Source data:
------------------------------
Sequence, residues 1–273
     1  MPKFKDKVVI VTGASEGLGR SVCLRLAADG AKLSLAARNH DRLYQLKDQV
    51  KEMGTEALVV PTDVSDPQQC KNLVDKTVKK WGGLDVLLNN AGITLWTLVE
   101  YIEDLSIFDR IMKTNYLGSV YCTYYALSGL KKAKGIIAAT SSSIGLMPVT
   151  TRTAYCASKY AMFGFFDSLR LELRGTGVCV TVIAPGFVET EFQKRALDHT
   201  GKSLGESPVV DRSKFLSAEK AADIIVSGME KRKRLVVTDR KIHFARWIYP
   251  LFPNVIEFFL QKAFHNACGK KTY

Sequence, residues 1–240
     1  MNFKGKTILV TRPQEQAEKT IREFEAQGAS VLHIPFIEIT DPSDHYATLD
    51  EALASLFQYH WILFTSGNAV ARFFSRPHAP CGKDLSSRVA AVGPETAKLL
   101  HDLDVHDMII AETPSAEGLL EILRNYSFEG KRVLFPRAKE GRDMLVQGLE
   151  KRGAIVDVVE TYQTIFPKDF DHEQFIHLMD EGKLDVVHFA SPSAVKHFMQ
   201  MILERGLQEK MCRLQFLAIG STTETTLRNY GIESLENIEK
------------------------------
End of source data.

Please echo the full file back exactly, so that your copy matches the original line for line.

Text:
Sequence, residues 1–273
     1  MPKFKDKVVI VTGASEGLGR SVCLRLAADG AKLSLAARNH DRLYQLKDQV
    51  KEMGTEALVV PTDVSDPQQC KNLVDKTVKK WGGLDVLLNN AGITLWTLVE
   101  YIEDLSIFDR IMKTNYLGSV YCTYYALSGL KKAKGIIAAT SSSIGLMPVT
   151  TRTAYCASKY AMFGFFDSLR LELRGTGVCV TVIAPGFVET EFQKRALDHT
   201  GKSLGESPVV DRSKFLSAEK AADIIVSGME KRKRLVVTDR KIHFARWIYP
   251  LFPNVIEFFL QKAFHNACGK KTY

Sequence, residues 1–240
     1  MNFKGKTILV TRPQEQAEKT IREFEAQGAS VLHIPFIEIT DPSDHYATLD
    51  EALASLFQYH WILFTSGNAV ARFFSRPHAP CGKDLSSRVA AVGPETAKLL
   101  HDLDVHDMII AETPSAEGLL EILRNYSFEG KRVLFPRAKE GRDMLVQGLE
   151  KRGAIVDVVE TYQTIFPKDF DHEQFIHLMD EGKLDVVHFA SPSAVKHFMQ
   201  MILERGLQEK MCRLQFLAIG STTETTLRNY GIESLENIEK